TOP 10 CLASSIC MOVIES FEATURED ON THE TCM CLASSIC FILM TOUR
By: Sarah Louise Lilley, TCM Classic Film Tour Guide
TCM Tour Guides with Robert Osborne[/caption]
The TCM Classic Film Tour of NYC is celebrating its one year anniversary! As a TCM Classic Film Tour Guide, I’m so proud to collaborate with the preeminent leader in the curation and presentation of classic film. I love TCM’s commitment to showing films as the director intended – uncut, unedited and commercial free. Choosing my favorite films from the 100+ films we cover on the tour, I equate to choosing a favorite child – impossible! However after much agonizing here are ten of my favorites:
In chronological order:
1. Mounted Police Charge – 1896.
On May 11 1896, NYC’s first-ever motion picture documented life in Herald Square. The American Film Industry started in NYC, and watching the actual films from the early days of filmmaking is fascinating. As Robert Osborne says in his video intro to the tour, you really see “how the history of NYC and the history of the movies are so intertwined.”
2. My Man Godfrey – 1936.
A classic screwball comedy. The real-life divorced couple of William Powell and Carole Lombard have great chemistry. I also love Mischa Auer as Carlo, who is always sighing in the corner and does a hysterical monkey impression!
3. The Shop Around the Corner – 1940.
Jimmy Stewart and Margaret Sullavan. My favorite scene is Jimmy Stewart slowly reading his letter of reference after he gets fired – so sad! Inspired by the Hungarian play Parfumerie, which also inspired the Judy Garland musical In the Good Old Summertime and the more recent classic You’ve got Mail. (Some have implied that Stewart’s unrequited love for Margaret Sullavan is what kept him a bachelor for so long.)
4. The Naked City – 1948.
Attributed to bringing shooting back to NYC! Amazing footage, shot in 107 locations with a lot of hidden camera work. It is a fantastic artifact of post-war NYC. It inspired the docu-drama style, films like Kiss of Death and Call Northside 777, and won Oscars for cinematography and editing.
5. How to Marry A Millionaire – 1953.
A charming film. Lauren Bacall’s first comedy and it took her career in a whole new direction. My favorite scene is Marilyn Monroe and David Wayne on the plane, where he finally persuades her to wear her glasses and declares her “quite a strudel.”
6. North by Northwest – 1959.
Hitchcock at his best. A great script, an everyman (Cary Grant), a mysterious blonde (Eve Marie Saint), lots of intrigue and a stunning seven-minute dialogue-free cornfield chase scene.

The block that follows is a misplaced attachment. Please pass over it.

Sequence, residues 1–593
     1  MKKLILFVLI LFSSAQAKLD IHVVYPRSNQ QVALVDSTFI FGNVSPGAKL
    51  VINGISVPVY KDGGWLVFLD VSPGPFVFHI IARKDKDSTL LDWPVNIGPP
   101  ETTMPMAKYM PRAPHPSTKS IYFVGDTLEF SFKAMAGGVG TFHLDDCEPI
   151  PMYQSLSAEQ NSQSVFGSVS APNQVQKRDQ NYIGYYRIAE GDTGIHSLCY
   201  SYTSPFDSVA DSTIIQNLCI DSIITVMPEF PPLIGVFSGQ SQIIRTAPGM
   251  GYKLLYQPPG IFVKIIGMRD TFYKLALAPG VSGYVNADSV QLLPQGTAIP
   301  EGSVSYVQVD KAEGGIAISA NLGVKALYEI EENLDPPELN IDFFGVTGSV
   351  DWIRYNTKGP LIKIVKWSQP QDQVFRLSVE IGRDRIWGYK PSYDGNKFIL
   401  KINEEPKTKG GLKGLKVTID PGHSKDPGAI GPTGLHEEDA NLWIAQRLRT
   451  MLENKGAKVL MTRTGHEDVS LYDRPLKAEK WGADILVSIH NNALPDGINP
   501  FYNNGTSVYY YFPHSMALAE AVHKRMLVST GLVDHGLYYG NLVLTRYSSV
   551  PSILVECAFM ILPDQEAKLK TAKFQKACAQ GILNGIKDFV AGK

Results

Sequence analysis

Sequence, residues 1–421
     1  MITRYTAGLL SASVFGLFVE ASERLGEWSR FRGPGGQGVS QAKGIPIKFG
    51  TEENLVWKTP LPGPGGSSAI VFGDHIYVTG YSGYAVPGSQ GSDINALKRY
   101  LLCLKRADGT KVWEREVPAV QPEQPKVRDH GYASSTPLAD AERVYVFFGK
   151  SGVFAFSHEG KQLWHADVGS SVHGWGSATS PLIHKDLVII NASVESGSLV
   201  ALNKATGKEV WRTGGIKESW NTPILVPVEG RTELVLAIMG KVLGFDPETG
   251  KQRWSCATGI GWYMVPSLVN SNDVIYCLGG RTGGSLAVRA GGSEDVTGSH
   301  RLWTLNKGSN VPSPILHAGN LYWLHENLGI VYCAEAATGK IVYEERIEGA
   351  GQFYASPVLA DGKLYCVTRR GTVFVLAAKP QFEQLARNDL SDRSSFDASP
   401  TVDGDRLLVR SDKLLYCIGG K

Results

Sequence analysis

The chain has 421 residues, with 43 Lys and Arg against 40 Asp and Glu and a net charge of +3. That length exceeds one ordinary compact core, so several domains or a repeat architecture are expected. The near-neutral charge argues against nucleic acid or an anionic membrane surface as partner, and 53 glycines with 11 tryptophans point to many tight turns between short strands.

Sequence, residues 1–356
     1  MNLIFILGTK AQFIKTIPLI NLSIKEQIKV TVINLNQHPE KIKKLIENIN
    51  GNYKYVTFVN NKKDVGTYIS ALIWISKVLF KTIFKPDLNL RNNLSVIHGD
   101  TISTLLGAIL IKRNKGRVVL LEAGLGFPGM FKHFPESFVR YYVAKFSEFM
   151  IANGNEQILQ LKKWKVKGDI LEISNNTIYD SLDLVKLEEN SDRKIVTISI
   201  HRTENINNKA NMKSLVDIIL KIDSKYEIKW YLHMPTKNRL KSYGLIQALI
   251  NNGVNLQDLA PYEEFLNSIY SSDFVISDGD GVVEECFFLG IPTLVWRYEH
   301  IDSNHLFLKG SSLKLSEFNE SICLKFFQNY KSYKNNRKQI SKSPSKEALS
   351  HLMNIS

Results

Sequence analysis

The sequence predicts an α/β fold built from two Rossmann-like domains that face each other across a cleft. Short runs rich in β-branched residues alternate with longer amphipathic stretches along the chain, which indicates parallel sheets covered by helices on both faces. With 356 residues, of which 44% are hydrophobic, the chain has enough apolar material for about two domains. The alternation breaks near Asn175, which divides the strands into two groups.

7. The Apartment – 1960.
Classic Jack Lemmon. Classic Billy Wilder. A category-breaking blend of romance, comedy (straining his pasta with his tennis racquet), drama (the suicide attempt), and commentary on corporate America. By 1960 The Production Code was beginning to lose its grip, and the numerous playboys having extra marital affairs was pretty scandalous for the time. I also love the typical, unsentimental Wilder last line, “Shut up and Deal.”.
8. The World of Henry Orient – 1964
Central Park is synonymous with NYC and is the City’s most filmed location. I love the early sequence of the girls charging through the park in The World of Henry Orient.
Such a playful film, it captures the joy of youth so well, and I love the exuberant score by Elmer Bernstein. Angela Lansbury has a supporting role too as another mother you love to hate!
9. Cactus Flower – 1969.
A fun and quirky film. In her first movie role, Goldie Hawn won the Oscar for best supporting actress. Ingrid Bergman, in a rare comic turn, also stars as the mousy secretary who finally blooms – and lets her hair down in an awesome ‘60s dance scene!
10. Marathon Man – 1976.
A fantastic thriller with amazing performances! The classically trained Laurence Olivier and the Method based Dustin Hoffman sometimes had conflicts. After Hoffman said he had been up for two days to get into the part, Olivier responded “My dear boy you look awful, why don’t you try acting.” Also known as the film that put a lot of people off going to the dentist! The torture scene was originally meant to be a lot longer but it made the test audience nauseous, so it was shortened. The first theatrically released film to shoot with Steadicam too.
And if you haven’t already – Come take the TCM Classic Film Tour of NYC!
Sarah Louise Lilley
Actor and TCM Classic Film Tour Guide